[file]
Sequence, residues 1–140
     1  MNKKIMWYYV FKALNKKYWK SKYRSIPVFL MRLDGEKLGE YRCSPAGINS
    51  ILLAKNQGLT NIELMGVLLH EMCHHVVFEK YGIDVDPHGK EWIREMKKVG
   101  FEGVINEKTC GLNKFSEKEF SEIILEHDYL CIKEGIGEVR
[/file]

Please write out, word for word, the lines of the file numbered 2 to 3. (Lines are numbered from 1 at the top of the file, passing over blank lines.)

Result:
     1  MNKKIMWYYV FKALNKKYWK SKYRSIPVFL MRLDGEKLGE YRCSPAGINS
    51  ILLAKNQGLT NIELMGVLLH EMCHHVVFEK YGIDVDPHGK EWIREMKKVG